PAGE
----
Now, it appears that many Canadian companies have not yet adequately reduced their discount rates for pension liabilities. For example most of the discount rates noted in the table above are still well above the 4.7 to 5.0% level of current high-quality 10-year corporate bond yields. I expect that under the handbook, corporations have some leeway to use expected corporate bond yields rather than the spot rates at their year-end.

In fairness, using corporate bond yields as the discount rate is conservative. Normally, one might use the (higher) expected return on plan assets as the discount rate. But the Canadian law states that high quality corporate bond yields must be used. So it appears that if interest rates remain at recent very low levels or decline further, companies will be forced to lower

their discount rates thereby increasing their pension liabilities.

From the example above, you can see why companies would be reluctant to lower the discount rate. Since the end of 2004, interest rates have dropped a further significant amount. In reporting their 2005 results many companies may be forced to cut their pension discount rates substantially.

So, in spite of strong stock market returns in 2005, pension deficits will probably soar with the 2005 annual reports because of the dramatic drop in interest rates and (more specifically) in high grade corporate bond yields.

And there is more bad news. The declining interest rates have actually led to large capital gains in the bond investments held by pension plans. These capital gains have been adding to the pension assets and have hidden the true extent of the unfolding disaster. At some point interest rates must bottom out. At that point the capital gains must abruptly stop. At that point the pension liability amounts will be maximized by the low discount interest rate (high-grade corporate bond yield) used in the calculation. And at that point yields on high grade corporate bonds will be near historic lows of under about 5% for 10 year bonds.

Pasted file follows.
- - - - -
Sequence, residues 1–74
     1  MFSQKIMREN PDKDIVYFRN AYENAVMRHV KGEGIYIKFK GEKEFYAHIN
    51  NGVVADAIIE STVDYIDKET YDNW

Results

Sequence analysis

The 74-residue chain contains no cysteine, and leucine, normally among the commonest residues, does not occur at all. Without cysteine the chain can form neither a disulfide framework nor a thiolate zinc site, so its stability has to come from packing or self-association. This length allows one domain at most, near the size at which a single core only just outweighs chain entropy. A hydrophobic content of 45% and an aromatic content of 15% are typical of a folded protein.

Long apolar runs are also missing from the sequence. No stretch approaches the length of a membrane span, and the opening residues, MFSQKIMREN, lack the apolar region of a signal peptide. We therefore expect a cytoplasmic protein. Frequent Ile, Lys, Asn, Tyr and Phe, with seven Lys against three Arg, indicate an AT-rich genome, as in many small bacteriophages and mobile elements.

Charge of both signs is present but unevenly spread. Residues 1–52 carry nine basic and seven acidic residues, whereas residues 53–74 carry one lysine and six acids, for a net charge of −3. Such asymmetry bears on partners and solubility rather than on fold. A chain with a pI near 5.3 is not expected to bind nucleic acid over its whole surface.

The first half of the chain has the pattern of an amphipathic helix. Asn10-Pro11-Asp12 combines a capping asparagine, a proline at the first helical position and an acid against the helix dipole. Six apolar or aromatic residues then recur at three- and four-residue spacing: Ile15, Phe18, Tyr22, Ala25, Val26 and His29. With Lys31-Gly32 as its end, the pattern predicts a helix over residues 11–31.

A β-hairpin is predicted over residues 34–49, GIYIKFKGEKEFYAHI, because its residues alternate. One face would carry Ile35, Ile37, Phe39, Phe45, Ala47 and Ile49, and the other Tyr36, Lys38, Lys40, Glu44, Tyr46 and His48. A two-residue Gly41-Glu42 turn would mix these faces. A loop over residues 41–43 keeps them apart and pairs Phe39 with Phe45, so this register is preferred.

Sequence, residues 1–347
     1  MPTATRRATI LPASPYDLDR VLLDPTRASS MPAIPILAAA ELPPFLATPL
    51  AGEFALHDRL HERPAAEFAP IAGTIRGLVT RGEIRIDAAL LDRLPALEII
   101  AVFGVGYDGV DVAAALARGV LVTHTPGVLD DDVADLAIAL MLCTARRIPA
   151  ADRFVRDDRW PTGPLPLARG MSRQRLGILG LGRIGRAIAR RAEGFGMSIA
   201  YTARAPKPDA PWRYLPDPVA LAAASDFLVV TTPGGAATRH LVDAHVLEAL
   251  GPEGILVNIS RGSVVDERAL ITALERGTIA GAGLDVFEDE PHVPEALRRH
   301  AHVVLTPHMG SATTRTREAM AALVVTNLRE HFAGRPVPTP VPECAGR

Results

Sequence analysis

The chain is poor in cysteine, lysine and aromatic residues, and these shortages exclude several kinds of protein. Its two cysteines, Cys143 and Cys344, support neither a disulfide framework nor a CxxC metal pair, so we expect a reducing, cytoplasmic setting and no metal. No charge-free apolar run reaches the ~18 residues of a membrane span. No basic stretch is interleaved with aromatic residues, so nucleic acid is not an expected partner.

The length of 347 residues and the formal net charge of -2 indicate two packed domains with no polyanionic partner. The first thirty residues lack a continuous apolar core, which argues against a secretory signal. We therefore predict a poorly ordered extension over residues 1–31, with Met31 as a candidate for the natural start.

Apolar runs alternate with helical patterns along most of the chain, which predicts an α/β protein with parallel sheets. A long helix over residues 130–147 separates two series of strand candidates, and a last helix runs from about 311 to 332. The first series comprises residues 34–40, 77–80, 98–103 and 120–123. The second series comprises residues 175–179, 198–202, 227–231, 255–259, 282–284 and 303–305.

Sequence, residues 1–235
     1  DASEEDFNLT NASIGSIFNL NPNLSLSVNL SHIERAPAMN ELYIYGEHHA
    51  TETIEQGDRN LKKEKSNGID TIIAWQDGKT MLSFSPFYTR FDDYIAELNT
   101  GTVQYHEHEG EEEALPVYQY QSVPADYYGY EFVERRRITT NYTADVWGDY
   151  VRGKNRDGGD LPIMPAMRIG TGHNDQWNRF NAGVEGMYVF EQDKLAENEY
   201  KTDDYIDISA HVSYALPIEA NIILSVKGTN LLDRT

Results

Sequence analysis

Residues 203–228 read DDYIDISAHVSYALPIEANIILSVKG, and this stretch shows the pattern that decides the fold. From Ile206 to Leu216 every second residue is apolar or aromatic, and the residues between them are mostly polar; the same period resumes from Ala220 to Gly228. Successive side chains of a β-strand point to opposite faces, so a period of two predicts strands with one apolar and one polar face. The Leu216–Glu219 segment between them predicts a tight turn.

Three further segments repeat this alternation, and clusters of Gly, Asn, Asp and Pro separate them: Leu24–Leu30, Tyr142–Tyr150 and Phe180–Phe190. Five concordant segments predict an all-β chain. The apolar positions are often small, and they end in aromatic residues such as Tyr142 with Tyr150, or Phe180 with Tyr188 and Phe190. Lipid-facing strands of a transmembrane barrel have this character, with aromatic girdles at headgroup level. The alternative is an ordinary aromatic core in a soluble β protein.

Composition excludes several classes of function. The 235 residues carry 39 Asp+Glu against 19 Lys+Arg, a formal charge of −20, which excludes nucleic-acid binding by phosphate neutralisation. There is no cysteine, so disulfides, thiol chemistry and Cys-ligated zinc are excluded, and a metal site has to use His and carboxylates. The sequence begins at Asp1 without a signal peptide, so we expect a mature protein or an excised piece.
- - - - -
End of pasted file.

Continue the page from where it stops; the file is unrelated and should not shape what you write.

Now a typical pension plan may have 40% of its funds in bonds. At that point with stocks returning perhaps 7 to 8% and high-grade corporate bonds returning perhaps 5% on average, pensions will have a tough time forecasting more than a 6% – 7% overall average return. This will automatically lead to higher pension expenses and reduced profits.

Many defined benefit pension plans are probably headed for an absolute disaster. When the extent of the damage that will be and has been caused by extraordinarily low long-term interest rates becomes known, the stocks of some of these companies could be hit hard. As an investor I will combat this by generally avoiding investing in large companies that have large defined benefit plans. I will particularly avoid those companies with a high ratio of retired workers compared to active workers.

A possible solution?

Some observers blame pension deficits on the inherent uncertainty of predicting stock market returns. (These people may not have noticed that in reality today’s incredibly low interest rates are the prime contributor to pension deficits). One solution proposed is for pensions to invest strictly in bonds and avoid stock investments. Incredibly then this solution proposes to solve the deficit problem which was caused to a large degree by low interest rates on bonds by restricting investments to only bonds!

Better Solutions

In the long-term corporations are wise to get out of the business of guaranteeing pensions and other  post-retirement benefits of workers. Such guarantees amount  signing a blank cheque. These defined benefit plans should (if possible) be essentially contracted out to large insurance companies who are in the business of managing such risks. Otherwise, if corporations cannot contract out their defined benefit pension plans then I believe that they would be wise to convert to defined contribution type pension plans.

If there is any hope of funding pensions at a reasonable cost, then pensions will have to continue to invest a significant portion of their assets in stocks. After all, stocks are expected to return more than bonds.

For existing pension plans the expected returns on plan assets as well as the discount rate assumptions need to be realistic. The accounting rules may need to be changed. It seems overly conservative to calculate pension deficits on the assumption that all plan assets would be invested in bonds, this accounting requirement may need to be challenged.  For most existing defined benefit pension plans, the contributions of both employees and the employer is likely going to have to rise.


Shawn Allen, P.Eng., MBA, CMA, CFA

InvestorsFriend  Inc.

June 15, 2003 (Last revised December 10, 2005)